Shapo­valov de­faults

Bri­tain wins Davis Cup tie af­ter Cana­dian’s er­rant shot hits um­pire in eye

Cape Breton Post - - SPORTS - BY LISA WAL­LACE

Bri­tain ad­vanced to the Davis Cup World Group quar­ter-fi­nals fol­low­ing Kyle Ed­mund’s 6-3, 6-4, 2-1 vic­tory over Canada’s Denis Shapo­valov on Sun­day.

The match came to an early end in the third set as Shapo­valov was de­faulted for launch­ing an er­rant ball that hit the um­pire in the left eye. Shapo­valov had just been bro­ken by Ed­mund and was dis­ap­pointed with a shot. He took a ball out of his pocket and hit it in frus­tra­tion. The con­tact with the um­pire re­sulted in a de­fault.

The 17-year-old Shapo­valov was clearly dev­as­tated with the turn of events, hold­ing his head in a towel.

Bri­tain will play France in the quar­ters and is au­to­mat­i­cally as­sured a spot in the World Group next year. Canada will be forced to play a World Group play-off tie to keep its spot for 2018 play.

Van­cou­ver’s Vasek Pospisil de­feated Daniel Evans 7-6(3), 6-4, 3-6, 7-6(5) ear­lier Sun­day, ty­ing the Davis Cup World Group tie at 2-2.

Pospisil’s par­tic­i­pa­tion had been in ques­tion as he’s strug­gled with a knee is­sue over the week­end and ad­mit­ted a de­ci­sion wasn’t made un­til the last pos­si­ble mo­ment. In the end, he said the treat­ment he re­ceived Satur­day night was the dif­fer­ence and that Sun­day’s sin­gles match was the best he felt over the course of the week­end.

Evans, ranked 45th in the world, strug­gled to han­dle Pospisil’s serve and it was the dif­fer­ence in the match.

Pospisil, ranked 133rd, had 25 aces to Evans’s seven in the match that took three hours 23 min­utes to be de­cided.

“When he was be­hind he was serv­ing so well and I don’t even know how many break points I had and my con­ver­sion must have been di­a­bol­i­cal re­ally,” said Evans. “I’ve got to give it to him. He played bet­ter than me to­day.”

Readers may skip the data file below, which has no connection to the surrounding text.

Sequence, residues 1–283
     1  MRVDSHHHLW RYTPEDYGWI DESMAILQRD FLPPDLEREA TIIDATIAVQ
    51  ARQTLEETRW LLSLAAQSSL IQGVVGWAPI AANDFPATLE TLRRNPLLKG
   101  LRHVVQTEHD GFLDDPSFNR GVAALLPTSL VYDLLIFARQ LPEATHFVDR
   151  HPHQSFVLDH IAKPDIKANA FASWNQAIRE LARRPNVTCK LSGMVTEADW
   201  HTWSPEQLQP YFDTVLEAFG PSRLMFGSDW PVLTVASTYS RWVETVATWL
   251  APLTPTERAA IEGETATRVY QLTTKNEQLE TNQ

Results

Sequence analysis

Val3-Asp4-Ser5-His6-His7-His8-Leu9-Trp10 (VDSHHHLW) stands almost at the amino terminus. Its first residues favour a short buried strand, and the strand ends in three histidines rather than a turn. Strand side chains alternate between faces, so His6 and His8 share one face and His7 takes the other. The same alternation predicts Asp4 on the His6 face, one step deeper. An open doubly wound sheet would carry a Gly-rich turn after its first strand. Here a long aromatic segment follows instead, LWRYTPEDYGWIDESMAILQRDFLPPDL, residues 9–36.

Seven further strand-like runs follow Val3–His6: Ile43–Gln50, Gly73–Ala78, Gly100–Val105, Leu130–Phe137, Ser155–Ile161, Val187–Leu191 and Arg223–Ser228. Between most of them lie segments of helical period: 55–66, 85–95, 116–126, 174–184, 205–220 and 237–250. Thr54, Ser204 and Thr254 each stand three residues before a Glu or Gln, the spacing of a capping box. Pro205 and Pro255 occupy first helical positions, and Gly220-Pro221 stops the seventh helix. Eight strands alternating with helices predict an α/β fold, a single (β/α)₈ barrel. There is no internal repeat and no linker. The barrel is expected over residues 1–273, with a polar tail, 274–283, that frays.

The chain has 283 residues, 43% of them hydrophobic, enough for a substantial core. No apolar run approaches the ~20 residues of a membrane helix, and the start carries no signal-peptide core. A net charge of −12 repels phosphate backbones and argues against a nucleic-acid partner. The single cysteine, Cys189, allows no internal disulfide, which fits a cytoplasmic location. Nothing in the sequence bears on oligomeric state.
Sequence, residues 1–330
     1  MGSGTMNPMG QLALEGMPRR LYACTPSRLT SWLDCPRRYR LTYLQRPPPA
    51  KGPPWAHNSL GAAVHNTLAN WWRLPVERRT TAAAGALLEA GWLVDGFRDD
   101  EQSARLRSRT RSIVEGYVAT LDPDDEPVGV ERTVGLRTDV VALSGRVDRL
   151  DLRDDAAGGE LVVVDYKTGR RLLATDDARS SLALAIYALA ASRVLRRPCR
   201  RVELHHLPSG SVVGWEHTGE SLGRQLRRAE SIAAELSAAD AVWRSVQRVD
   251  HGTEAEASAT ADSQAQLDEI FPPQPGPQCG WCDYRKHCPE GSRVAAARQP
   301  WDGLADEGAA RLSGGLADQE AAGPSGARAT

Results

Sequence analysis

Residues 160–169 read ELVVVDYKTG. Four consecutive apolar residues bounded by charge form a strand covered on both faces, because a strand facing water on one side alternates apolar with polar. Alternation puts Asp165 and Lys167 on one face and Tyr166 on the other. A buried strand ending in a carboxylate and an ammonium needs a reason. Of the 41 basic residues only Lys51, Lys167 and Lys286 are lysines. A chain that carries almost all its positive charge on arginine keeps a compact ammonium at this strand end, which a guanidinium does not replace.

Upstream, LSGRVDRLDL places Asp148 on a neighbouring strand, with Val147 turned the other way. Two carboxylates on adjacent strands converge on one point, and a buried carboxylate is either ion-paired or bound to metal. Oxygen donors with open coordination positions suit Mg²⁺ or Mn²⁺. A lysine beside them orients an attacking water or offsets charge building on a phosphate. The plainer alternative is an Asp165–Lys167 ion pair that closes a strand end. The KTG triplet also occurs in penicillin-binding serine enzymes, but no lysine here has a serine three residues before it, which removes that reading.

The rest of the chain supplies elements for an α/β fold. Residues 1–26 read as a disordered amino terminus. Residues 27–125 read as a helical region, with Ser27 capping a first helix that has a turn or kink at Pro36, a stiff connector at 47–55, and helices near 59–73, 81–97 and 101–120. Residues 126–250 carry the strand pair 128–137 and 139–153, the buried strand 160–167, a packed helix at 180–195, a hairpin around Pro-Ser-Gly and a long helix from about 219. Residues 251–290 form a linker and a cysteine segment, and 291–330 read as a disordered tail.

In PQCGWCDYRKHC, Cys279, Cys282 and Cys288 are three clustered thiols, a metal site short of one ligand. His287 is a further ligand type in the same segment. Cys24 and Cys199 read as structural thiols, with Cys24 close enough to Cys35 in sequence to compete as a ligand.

Evans seemed to find his sec­ond wind in the fourth set. He went up two games to none, but Pospisil had four aces to win the third. Evans came right back and won the fourth game. The set ended in a tiebreaker.

Trail­ing 4-2 Pospisil scored four unan­swered points to take a 6-4 lead. Evans made it 6-5 with an ace, but Pospisil fired a serve that Evans was un­able to re­turn, hit­ting it wide to give Canada the win.

“I thought he was ac­tu­ally go­ing away and then he sort of started go­ing for broke,” said Evans. “He was hit­ting the lines a lot, as you saw from the chal­lenges. He played well and ob­vi­ously the crowd car­ried him through. He fought hard.

“This will help him get back to where he has been. He’s been play­ing ter­ri­ble for the past how­ever long, but this week­end his play was as well as I’ve seen him play.”

Pospisil was able to break Evans’s serve and take a 2-1 early lead in the third set that left the Bri­ton frus­trated. But Evans com­posed him­self and came back to win the set 6-3.

“My serve dis­ap­peared and my legs were a lit­tle bit heavy and I went through a lit­tle bit of a phys­i­cal lull for 20 min­utes,” said Pospisil. “I was low on en­ergy through­out the whole third set.

“My serve just kind of went away.”

Lead­ing 1-0, Pospisil took con­trol in the sec­ond set. Evans pushed back to make it 5-4 but Pospisil main­tained com­po­sure and closed out the set to take a two sets to none lead.

Evans has never come back when trail­ing by two sets (0-11).

Pospisil was down three games to one in the first set, but came back to win the tiebreaker 7-3.

$1 1)050

Canada’s Denis Shapo­valov eyes the ball as he makes a re­turn to Great Bri­tain’s Kyle Ed­mund dur­ing Davis Cup World Group tie tennis ac­tion Sun­day in Ot­tawa.

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